By Del Williams, a technical writer based in California
Adding a second soundproof window can quiet loud external noise intrusion by up to 95%, which can raise lease and occupancy rates while reducing turnover
Commercial and residential property owners, managers, and agents of urban apartment buildings face a common concern in reducing loud external environmental noise, such as screeching traffic, blaring car horns etc. which can disturb sleep, interrupt conversation, and otherwise diminish the allure of even the best locations.
Fortunately, real estate professionals in large and small projects alike are implementing a quick, proven, cost-effectivesolution which can dramatically reduce external noise intrusion by up to 95% with the addition of a second soundproof window in the most problematic locations (i.e.-facing traffic). This selective approach can help to not only increase lease and occupancy rates but also decrease turnover. The same tactic can be applied to both oversized windows and sliding glass doors, which due to their larger size can be an even greater source of external noise.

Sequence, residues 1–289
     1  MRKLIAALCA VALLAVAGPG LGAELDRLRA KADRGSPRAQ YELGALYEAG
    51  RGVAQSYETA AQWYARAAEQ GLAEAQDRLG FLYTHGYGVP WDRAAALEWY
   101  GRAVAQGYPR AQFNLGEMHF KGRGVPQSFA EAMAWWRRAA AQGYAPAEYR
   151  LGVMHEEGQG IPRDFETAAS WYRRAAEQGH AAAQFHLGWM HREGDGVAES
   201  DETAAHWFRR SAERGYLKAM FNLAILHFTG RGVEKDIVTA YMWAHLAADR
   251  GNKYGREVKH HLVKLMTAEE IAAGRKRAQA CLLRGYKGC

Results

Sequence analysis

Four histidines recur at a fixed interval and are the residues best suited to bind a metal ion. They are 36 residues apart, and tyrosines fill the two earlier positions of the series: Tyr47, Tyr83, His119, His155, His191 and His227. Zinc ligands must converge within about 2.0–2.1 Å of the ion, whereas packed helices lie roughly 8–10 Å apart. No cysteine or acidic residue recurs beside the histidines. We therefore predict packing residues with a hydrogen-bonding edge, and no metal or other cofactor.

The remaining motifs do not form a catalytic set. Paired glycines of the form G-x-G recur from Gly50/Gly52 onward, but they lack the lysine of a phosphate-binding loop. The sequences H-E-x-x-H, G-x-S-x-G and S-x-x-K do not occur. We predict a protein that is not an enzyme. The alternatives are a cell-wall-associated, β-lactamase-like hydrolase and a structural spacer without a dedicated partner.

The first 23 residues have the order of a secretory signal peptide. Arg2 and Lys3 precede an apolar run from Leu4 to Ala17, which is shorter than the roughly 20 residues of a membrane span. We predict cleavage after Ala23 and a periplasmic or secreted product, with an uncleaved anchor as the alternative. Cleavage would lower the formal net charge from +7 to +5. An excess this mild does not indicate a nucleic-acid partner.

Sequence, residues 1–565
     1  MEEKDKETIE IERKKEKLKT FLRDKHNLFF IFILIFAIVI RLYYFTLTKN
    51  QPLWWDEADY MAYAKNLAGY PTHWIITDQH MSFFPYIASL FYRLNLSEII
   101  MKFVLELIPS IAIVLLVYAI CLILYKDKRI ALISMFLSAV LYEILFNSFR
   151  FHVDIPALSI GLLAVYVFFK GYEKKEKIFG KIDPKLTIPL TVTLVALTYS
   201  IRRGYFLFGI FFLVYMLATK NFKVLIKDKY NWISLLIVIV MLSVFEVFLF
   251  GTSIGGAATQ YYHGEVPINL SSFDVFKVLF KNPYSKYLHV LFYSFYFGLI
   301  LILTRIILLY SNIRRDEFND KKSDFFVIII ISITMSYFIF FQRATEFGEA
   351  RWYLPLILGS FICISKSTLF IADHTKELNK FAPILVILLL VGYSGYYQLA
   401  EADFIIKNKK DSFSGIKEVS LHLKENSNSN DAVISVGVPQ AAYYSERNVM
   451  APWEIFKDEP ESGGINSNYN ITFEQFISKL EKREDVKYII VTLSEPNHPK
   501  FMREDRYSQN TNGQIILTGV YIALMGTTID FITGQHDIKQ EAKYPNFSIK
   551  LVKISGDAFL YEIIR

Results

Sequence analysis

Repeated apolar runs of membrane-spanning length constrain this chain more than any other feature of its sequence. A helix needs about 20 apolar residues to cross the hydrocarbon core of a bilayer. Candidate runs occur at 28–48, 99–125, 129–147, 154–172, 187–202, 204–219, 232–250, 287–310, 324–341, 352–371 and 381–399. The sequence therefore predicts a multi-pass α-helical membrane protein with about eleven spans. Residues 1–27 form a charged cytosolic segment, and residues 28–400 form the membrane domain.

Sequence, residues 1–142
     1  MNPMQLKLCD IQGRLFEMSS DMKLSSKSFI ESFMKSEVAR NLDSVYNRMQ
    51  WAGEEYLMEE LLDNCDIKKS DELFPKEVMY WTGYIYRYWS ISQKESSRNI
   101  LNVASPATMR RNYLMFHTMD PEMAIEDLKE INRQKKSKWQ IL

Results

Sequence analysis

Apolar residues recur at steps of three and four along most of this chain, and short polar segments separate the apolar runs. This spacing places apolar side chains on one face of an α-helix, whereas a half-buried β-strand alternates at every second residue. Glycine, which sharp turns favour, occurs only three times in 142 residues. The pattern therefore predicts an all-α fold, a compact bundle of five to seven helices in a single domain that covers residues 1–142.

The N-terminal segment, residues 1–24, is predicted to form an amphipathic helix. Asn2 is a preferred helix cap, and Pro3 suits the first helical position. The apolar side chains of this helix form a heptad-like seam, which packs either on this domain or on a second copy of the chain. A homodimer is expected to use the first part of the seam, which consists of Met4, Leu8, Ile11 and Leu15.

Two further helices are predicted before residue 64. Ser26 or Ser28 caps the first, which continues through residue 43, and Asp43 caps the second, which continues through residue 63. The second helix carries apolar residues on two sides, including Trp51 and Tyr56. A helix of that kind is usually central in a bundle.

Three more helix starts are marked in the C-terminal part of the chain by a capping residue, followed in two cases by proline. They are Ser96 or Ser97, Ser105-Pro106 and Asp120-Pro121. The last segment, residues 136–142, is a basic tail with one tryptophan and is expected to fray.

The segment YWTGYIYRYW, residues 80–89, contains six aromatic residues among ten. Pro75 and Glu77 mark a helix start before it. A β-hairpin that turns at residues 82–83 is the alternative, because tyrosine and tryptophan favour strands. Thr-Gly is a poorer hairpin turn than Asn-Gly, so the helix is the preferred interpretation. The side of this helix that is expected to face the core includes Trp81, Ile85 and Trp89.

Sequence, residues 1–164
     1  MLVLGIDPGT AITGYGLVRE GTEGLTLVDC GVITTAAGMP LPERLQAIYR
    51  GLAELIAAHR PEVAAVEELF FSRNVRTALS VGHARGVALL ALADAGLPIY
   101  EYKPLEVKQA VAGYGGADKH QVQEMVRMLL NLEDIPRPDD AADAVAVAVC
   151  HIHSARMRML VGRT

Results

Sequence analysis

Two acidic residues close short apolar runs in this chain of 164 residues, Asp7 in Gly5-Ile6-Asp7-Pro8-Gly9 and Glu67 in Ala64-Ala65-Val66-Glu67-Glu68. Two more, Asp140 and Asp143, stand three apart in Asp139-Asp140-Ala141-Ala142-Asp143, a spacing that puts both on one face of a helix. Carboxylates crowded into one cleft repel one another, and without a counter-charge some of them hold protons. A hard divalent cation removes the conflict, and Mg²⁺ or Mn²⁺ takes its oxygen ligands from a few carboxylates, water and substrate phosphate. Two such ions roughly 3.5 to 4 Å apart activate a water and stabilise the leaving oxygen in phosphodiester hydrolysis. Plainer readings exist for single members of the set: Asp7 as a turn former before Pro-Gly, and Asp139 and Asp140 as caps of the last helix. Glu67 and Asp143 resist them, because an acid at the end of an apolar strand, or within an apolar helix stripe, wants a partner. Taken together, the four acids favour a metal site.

Cut Noise, Boost Appeal
When Lincoln Properties developed the multi-million-dollar Mozaic Apartment project, the goal was to bring a designer lifestyle to downtown Los Angeles apartment living. From the roof top pool to the Internet cafe, Mozaic Apartments set the standard in a luxury apartment community. With a variety of studio, one, and two-bedroom floor plans available, each apartment includes washer and dryer, granite countertops, premium appliances, and many units enjoy floor-to-ceiling windows and private balconies.
However, being in the middle of downtown Los Angeles also subjected the property to an incredible amount of external street noise. Even given the high-end amenities, the amount of outside noise could be prohibitive and turn off potential tenants without adding soundproofing. Particularly challenging were the units which had oversized, floor-to-ceiling windows.